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O Fim duma Viagem

Café Hunting

JAPAN | Friday, 19 February 2016 | Views [273]

We had a four day weekend starting on Thursday, which probably would have made for a decent reason to leave Osaka and go somewhere. Except that I didn't really want to leave, and I did have a lot of work to get done. So I just stayed in the vicinity and tried to find a good coffee shop to get work done. The weather was not cooperating with that goal, so Thursday I just walked outside and enjoyed the springlike weather. Then on Friday I went to Umeda and checked out several potential work spaces.

The weather was still warm and nice, so when I emerged from the station and saw a sign for a top-floor terrace, I remembered that rooftop I'd gone the first day, and wanted to go back. There was just a minor problem, I wasn't entirely sure where that was. So to get to the nice top floor, I had to spend a lot of time in mall buildings and on escalators wandering around until I found something that I recognised. At last, I made it to the top.

In the interest of finally doing what I'd set out to do, I started evaluating the rooftop as a workspace. As a very nice start, it was free, and I could stay there however long I wanted. However, there was no coffee, so it was not a complete win.

The ambiance was pleasant. There was nice, soft music playing, and not too many people. Somewhat surprisingly, when I pulled out my tablet I discovered there was WiFi, since it had the same free city WiFi the airport had. The security guard might look at me strangely, but I could probably use my laptop there if I wanted.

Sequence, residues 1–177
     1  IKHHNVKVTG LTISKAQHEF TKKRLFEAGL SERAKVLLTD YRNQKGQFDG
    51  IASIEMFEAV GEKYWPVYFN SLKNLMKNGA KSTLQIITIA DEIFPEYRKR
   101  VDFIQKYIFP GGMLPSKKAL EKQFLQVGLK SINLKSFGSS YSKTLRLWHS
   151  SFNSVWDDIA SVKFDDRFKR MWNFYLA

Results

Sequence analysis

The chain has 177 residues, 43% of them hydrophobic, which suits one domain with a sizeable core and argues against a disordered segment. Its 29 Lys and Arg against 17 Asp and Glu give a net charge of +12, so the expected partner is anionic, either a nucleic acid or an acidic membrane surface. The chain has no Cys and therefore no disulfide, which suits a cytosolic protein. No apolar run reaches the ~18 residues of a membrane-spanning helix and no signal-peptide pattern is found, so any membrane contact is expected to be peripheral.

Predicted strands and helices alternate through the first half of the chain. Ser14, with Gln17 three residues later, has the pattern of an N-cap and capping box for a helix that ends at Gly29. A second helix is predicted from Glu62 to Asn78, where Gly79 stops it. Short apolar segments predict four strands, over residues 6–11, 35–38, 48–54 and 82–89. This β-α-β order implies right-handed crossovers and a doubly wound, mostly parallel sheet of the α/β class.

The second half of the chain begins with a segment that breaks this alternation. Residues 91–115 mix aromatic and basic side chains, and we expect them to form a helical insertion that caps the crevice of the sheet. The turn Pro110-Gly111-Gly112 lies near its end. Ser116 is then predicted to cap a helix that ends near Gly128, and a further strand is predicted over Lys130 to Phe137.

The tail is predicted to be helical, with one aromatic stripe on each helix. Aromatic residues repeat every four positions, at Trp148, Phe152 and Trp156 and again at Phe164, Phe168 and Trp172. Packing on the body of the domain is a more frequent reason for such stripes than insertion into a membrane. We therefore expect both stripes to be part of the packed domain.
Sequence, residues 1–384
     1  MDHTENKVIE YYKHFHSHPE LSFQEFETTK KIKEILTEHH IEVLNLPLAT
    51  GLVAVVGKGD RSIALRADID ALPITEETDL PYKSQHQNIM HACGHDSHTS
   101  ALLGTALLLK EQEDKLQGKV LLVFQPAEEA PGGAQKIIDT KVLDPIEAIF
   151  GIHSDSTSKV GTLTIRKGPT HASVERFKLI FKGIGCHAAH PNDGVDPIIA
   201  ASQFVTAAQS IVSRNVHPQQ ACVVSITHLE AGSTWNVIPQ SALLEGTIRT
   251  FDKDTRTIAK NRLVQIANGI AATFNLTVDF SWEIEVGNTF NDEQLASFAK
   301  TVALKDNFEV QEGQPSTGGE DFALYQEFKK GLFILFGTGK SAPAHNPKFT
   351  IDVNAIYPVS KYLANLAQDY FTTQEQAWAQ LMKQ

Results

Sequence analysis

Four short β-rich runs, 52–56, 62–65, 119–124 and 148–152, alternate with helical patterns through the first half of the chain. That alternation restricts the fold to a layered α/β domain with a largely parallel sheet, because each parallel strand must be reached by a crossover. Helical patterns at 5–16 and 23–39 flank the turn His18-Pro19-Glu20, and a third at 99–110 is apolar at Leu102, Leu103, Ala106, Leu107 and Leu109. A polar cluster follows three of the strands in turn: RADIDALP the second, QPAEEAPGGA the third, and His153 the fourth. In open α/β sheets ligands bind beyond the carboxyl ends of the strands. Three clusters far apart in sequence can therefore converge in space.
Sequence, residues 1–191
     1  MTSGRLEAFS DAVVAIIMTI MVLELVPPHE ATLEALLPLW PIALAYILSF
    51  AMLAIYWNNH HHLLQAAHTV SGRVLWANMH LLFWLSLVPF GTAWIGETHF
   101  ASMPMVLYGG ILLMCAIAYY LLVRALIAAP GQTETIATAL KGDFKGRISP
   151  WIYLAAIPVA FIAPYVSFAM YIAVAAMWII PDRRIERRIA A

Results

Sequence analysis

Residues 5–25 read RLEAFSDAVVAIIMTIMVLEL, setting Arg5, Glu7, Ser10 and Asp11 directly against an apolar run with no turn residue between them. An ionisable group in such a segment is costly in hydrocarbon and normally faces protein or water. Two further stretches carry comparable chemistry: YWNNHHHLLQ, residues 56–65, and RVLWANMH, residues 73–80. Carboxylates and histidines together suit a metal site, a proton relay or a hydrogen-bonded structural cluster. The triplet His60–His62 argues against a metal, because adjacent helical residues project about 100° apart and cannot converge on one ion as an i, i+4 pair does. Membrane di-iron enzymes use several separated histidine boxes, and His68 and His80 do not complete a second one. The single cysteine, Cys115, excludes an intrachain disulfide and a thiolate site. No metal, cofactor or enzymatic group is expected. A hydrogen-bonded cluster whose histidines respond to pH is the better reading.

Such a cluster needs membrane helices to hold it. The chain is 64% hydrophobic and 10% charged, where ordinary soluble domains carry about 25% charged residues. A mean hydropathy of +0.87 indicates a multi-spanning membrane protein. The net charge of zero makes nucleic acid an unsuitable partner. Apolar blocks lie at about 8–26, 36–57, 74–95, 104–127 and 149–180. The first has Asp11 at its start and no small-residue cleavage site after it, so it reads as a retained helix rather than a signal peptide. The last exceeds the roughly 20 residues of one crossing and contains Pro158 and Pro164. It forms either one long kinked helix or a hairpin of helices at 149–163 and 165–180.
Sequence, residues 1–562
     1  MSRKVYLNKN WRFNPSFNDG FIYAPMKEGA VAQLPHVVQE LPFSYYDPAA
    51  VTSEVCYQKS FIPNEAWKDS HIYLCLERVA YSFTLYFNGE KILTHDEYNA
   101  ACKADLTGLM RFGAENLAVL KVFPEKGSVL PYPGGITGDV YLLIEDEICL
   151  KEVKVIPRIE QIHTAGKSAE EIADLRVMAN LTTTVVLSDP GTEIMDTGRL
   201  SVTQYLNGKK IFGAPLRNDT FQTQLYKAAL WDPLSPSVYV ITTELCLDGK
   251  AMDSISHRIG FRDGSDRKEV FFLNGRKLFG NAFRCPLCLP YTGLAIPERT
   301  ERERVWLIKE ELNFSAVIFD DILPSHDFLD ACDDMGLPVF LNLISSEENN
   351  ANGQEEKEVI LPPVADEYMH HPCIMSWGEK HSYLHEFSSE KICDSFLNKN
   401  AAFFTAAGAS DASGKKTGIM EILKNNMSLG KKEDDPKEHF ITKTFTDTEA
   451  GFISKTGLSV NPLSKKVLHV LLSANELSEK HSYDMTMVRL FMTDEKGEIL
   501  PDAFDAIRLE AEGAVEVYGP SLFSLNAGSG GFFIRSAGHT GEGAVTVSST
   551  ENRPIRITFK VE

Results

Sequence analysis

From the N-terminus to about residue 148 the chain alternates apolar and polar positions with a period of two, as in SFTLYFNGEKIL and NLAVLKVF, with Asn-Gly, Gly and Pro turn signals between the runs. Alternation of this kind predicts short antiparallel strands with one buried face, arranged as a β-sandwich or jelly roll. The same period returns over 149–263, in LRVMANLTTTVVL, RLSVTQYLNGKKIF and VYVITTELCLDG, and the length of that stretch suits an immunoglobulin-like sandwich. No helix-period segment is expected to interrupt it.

The most appealing aspect was also it's greatest disadvantage. It was outside. Sure, that was nice right now, but for the rest of February and most of march that probably wouldn't be true. Besides, even if it was warm, there were other weather concerns. Like rain and wind. Especially wind. If I was trying to deal with loose sheets of paper, (the kind I get all the time in Japanese) it would only take one strong gust for me to lose that sheet forever.

So, although it was a nice place to sit and relax, it probably wasn't a good space to count on getting work done. After making that conclusion, I moved on.

I didn't make it very far. Just inside the building was a Tully’s that I decided to check out.

Basically, think of an independent film set in a coffee shop chain but, for various reasons, it can’t be called Starbucks. Unfortunately, the show producer or director or setting creator or whoever is responsible for this sort of thing isn’t feeling terribly creative, so they basically just take Starbucks and change the name and color scheme. Now imagine that you're a background character in said film, and you'll know how I felt on Friday.

There's really not that much more I can say about Tully's. The coffee was probably tastier than at Starbucks, and the menu was almost entirely in Japanese, but other than that… drink sizes were tall, grande, and enorme, so I like to imagine that “grande” was pronounced like a French word and not an Italian one. (Pop quiz: you’re in a Starbucks in France, and they ask you want size you want. Do you order a grand(e), a grandé, or a venti/tall just so you can avoid this problem?) I got a grande soy almond latte, or something like that, and was delighted by the taste. I don’t think I’d had a coffee that good since leaving Carthage. It was a nice enough place, but ultimately, I ran into the problem that it was too much like Starbucks. I don’t have anything against Starbucks. I’ll drink their coffee if it’s the only place that I know that I can get a decent latte, and I’m perfectly fine killing time in one. If someone says that they like Starbucks, I won’t judge them. It’s just that I tend to prefer other coffee shops to Starbucks. Part of this is a taste factor, and the rest has to do with the environment.